Discussions about eggcorns and related topics
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Chris -- 2015-05-30
There’s already an entry in the forum for “Love is many splendid things” instead of “Love is a many-splendored thing.” I’m posting this separately, because its strangeness to me is that it doesn’t work syntactically at all. I wonder if people who say this are thinking of “many” as a kind of intensifying adverb—something like “very.”
My first sighting was in a personal ad in New York magazine, and I thought the New York pronunciation with its dropped “r”s was responsible. However, it’s everywhere these days, and it doesn’t seem to be related to an “r”-dropping accent. I got 14,900 Google hits for “a many splendid thing.” Below are some examples:
A cover story in Wine News:
“Loire – a many splendid thing”
The title of a piece at
Remarkably, Nat King Cole’s album offered on e-Bay, which shows a picture of the album and lists the title of the track correctly.
http://cgi.ebay.com/Nat-King-Cole-Love- … dZViewItem
The title of a post on a screenwriters’ blogspot:
http://swritersleague.blogspot.com/2007 … thing.html
An online Tutoring Sample, in which the tutor does not address the misuse of “splendid”
http://www.fordham.edu/campus_resources … _10443.asp
I’ve always wondered what is going on inside the head of someone who says (or writes), “Love is a many splendid thing,” but I haven’t figured out how to ask this clearly (and nicely).
I think this is a fascinating one, for a variety of reasons. Consider the syntactical strangeness of “many-splendored thing” as the equivalent of “thing of many splendors.” Is there a verb “to splendor”? How rarely do we use “splendors” in the plural? Even in non R-less dialects, the “r” in the cluster “splendored thing” is extraordinarily difficult to pronounce. And finally, does anyone know this phrase other than as a song lyric?
What we have here, I think, is a mondegreen-
a misheard and reshaped song lyric-which has escaped its original context and is now roaming free. “Many splendid thing” may not mean anything, but I’m pretty sure that to many of the people who use it, “many-splendored thing” doesn’t mean anything either.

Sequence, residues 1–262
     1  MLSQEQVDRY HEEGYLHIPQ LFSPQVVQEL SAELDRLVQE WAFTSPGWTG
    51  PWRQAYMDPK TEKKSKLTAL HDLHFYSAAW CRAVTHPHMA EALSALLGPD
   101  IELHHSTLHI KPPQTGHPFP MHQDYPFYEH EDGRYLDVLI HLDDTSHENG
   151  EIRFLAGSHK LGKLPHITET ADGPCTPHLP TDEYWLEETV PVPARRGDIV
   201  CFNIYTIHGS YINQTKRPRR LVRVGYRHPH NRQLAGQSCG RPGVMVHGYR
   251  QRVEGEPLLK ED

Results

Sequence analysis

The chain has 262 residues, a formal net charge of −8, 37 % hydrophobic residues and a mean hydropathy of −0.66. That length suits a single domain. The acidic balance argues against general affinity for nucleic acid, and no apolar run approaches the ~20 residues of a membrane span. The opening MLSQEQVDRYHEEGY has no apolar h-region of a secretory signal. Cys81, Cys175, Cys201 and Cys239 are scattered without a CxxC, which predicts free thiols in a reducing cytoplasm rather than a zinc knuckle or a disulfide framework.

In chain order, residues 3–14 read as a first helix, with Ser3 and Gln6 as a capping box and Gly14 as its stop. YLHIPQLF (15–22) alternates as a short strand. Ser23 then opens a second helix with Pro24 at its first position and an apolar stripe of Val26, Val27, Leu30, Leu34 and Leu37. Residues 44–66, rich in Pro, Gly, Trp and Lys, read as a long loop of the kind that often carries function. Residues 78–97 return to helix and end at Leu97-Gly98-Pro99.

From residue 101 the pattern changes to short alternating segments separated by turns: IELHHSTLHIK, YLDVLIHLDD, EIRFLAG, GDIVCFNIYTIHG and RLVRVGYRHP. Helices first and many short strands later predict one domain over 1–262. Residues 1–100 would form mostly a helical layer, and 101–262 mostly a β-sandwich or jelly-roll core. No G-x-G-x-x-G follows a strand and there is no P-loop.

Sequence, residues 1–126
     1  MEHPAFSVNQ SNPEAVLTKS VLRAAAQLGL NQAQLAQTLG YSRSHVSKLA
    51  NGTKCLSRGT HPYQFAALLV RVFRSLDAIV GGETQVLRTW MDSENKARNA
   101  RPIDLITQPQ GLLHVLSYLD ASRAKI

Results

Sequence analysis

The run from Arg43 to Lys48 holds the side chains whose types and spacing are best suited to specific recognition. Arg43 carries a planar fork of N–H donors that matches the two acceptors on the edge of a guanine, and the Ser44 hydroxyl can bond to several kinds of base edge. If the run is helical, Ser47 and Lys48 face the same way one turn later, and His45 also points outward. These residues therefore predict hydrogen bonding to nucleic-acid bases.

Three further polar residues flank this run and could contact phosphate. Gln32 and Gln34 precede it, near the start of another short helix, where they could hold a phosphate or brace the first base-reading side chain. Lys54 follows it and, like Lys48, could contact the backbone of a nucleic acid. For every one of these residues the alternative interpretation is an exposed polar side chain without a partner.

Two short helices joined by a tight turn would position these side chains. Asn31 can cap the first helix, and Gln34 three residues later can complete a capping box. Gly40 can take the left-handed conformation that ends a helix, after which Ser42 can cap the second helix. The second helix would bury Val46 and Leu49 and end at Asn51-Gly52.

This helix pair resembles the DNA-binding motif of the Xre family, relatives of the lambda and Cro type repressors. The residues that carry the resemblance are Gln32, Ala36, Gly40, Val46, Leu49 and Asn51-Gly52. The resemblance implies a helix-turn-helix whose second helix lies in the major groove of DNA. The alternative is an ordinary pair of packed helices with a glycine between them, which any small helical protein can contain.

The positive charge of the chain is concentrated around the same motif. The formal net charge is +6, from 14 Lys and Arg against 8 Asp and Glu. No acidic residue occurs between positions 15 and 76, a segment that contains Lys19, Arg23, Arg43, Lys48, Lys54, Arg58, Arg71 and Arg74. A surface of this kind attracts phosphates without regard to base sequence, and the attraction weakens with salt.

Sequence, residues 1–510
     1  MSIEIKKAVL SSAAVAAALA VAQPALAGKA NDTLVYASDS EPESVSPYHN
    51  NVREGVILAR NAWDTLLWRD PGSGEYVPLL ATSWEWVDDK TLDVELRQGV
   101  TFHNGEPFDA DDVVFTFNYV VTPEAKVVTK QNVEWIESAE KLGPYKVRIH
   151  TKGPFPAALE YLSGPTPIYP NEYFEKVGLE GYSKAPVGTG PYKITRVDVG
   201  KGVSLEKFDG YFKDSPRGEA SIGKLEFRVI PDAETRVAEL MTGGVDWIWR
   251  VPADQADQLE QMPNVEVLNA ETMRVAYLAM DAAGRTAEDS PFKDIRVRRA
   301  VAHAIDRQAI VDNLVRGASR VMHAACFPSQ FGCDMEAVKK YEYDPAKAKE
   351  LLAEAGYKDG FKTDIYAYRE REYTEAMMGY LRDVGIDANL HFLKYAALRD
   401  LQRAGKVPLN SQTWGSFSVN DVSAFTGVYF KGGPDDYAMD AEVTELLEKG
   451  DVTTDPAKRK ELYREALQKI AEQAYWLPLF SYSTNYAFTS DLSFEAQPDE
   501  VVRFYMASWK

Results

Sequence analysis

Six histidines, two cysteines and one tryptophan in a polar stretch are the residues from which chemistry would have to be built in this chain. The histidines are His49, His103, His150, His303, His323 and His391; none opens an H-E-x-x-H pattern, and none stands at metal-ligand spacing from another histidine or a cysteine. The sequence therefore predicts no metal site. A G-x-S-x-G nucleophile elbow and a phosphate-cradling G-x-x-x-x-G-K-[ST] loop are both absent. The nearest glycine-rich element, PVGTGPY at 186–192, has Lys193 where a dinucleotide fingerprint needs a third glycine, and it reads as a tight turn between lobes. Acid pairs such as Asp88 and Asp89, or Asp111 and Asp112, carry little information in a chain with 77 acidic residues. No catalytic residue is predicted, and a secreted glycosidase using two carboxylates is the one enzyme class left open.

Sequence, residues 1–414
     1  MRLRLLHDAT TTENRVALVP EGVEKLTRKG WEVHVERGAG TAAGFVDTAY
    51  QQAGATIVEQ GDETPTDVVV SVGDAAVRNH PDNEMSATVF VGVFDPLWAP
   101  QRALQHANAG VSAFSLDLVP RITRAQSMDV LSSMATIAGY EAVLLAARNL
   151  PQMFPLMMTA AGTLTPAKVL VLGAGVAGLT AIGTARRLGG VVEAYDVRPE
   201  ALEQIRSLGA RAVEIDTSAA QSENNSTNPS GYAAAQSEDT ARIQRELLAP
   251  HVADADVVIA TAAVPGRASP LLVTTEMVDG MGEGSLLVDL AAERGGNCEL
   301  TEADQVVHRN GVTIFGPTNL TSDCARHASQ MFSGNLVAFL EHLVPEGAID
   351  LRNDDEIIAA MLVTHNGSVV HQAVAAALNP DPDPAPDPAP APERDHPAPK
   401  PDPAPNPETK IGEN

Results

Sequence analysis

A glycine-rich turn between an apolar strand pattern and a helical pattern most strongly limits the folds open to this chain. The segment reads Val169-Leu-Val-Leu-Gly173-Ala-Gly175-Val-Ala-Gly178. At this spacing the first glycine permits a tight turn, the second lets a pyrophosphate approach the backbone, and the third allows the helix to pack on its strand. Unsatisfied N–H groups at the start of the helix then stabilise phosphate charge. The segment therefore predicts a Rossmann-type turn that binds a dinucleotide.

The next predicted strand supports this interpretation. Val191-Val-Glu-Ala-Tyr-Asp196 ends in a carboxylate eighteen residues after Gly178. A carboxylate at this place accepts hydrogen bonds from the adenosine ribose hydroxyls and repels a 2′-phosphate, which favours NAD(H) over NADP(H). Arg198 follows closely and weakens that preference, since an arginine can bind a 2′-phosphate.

Apropos of very little, I once took some pictures of a certain well-known yellow box on the lawn and called it my “Splenda in the Grass” series.
The song and the movie screenplay seem to be paraphrasing (very loosely) “The Kingdom of God”—a poem by Francis Thompson, a British Catholic poet of the Victorian period. Here’s the fourth stanza:
The angels keep their ancient places—Turn but a stone and start a wing!
‘Tis ye, ‘tis your estrangèd faces,
That miss the many-splendored thing.
Thompson died in 1907, but the poem had some fame during his lifetime, and you can still find it on religious websites—along with his most famous work, “The Hound of Heaven.” And David, you may be interested to know that the Wikipedia article on Thompson attributes a phrase used in a landmark Supreme Court decision to that latter poem:
His most famous poem, “The Hound of Heaven” describes the pursuit of the human soul by God. This poem is the source of the phrase, “with all deliberate speed,” used by the Supreme Court in Brown II, the remedy phase of the famous decision on school desegregation.
(And hey, that was long before the Court was full of Catholic justices.)
I checked Literature Online, but couldn’t find any uses of the phrase before Thompson.
The phrase sure does sound odd—I have vague memories of being confused by it as a kid. But it’s actually part of a pattern of (weird) compounds involving “many” and a noun. “Many-headed,” “many-hued,” “many-storied,” and “many-windowed” all get tens of thousands of ghits, and most of those don’t (obviously) involve a verb. But they sure
feel old-fashioned these days.